Because while the city can boast ownership of the country's oldest mosque and Europe's oldest Chinatown, it also witnessed Britain's first black public lynching.
The roots of the racism believed to be involved in the killing of Huyton student Anthony Walker, 18, run deep.
During World War l, black seamen increasingly found jobs ashore, plugging manpower shortages. Many moved in with white women, causing widespread outrage.
With demobilisation in spring 1919, the city's black population swelled to 5,000. Tensions mounted as black and white ex-servicemen competed for work.
Those reached boiling point when 120 black workers employed in the sugar refineries and oilcake mills were sacked because whites refused to work alongside them.
Many were at the end of their credit limit and were evicted from their lodgings. They joined several hundred destitute black ex-servicemen, some of whom had lost limbs in the war.
The Colonial Office was petitioned to repatriate the men with a £5 bursary for food, clothing and tools. At the same time, a deputation representing 5,000 jobless white ex-servicemen complained that black workers were under-cutting them in the wages market.
The port was a racial tinderbox - and on June 4 of that year it exploded.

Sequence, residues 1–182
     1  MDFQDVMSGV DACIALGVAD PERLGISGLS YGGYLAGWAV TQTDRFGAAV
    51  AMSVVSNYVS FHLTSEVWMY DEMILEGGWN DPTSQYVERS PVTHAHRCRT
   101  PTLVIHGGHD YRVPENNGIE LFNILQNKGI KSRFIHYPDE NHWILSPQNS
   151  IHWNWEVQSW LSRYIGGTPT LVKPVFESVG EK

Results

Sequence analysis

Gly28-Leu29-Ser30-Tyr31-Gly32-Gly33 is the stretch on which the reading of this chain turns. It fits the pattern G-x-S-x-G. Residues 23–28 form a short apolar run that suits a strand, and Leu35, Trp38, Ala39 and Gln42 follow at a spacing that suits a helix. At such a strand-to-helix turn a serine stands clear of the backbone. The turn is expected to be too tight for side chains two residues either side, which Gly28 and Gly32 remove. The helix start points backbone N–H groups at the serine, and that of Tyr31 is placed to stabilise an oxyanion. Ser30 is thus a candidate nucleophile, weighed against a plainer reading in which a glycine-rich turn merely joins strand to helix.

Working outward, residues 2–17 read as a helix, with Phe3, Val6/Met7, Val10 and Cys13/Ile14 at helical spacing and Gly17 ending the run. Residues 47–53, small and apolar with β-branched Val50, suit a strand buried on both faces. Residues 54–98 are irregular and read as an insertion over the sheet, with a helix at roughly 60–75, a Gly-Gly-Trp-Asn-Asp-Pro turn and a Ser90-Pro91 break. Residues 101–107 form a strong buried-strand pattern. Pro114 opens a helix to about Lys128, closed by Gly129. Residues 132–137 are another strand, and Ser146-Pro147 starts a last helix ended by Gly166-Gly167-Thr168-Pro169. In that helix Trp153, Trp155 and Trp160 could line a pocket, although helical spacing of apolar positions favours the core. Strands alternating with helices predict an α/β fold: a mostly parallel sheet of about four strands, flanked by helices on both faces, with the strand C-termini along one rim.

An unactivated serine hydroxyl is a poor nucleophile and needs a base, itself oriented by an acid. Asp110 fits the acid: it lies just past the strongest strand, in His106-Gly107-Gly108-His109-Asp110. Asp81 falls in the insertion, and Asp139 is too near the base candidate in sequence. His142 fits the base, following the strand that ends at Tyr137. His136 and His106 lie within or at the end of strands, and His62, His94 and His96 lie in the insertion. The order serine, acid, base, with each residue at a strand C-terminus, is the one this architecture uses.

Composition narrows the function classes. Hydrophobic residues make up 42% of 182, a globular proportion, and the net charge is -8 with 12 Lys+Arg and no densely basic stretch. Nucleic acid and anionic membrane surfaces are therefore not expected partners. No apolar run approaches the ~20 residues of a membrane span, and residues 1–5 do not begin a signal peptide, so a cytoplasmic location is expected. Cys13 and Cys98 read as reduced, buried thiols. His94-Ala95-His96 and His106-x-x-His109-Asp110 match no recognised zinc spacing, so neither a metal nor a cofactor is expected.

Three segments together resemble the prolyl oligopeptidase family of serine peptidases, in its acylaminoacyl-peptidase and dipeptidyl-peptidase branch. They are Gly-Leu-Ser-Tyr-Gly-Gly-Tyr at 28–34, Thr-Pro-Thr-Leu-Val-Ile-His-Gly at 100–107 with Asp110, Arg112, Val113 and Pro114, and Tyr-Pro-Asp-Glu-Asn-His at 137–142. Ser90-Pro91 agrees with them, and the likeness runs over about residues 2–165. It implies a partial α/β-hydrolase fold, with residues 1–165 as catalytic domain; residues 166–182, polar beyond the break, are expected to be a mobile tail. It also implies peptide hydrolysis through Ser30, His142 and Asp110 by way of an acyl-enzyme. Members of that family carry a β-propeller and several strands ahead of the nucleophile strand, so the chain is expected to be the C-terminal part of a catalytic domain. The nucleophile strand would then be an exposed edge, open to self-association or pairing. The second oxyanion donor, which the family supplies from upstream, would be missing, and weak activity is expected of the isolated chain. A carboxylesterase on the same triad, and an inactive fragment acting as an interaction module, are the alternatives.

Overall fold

Two white sailors stabbed a West Indian in the face because he refused to give them a cigarette in a pub. The following night his mates returned to take revenge and, in the melee, a policeman was kicked unconscious.
The police responded by raiding a row of lodging houses with black occupants. This time the fight was more serious and four police officers were injured, one of them shot in the mouth.
An enraged lynch mob gathered outside the houses. Charles Wootton, a 24-year-old black ship's fireman who had not been involved in the fighting, ran out and was pursued by two policemen and a crowd of around 300.
The officers caught him at King's Dock but he was snatched by the mob. A screaming Wootton was hurled into the dock waters and pelted with bricks and rocks as he tried to swim. Eventually his battered corpse was dragged out.
Over the next three days, white mobs up to 10,000 strong ruled Liverpool's tough streets, attacking any black people they saw.
Houses in Toxteth which were believed to have black tenants were systematically looted and torched.
The Times reported: "White men appear determined to clear out the black people who have been advised to stay indoors. This counsel many of them disregard.
"The district was in an uproar and every coloured man seen was followed by a large hostile crowd."
The victims included an ex-soldier with three medals for courage in the recent war. Some blacks fought back with razors and bottles, but were overwhelmed.
The violence gradually abated, but similar riots erupted that summer in other ports, including London, Glasgow, Newport and Cardiff.
Nerve 14 - A Christian Greeting to the Former Capital of Culture
The Charles Wootton Centre for Further Education, was set up in the 1970s by Blacks for Blacks, and named after the victim of a 1919 racist killing. It closed in 2000.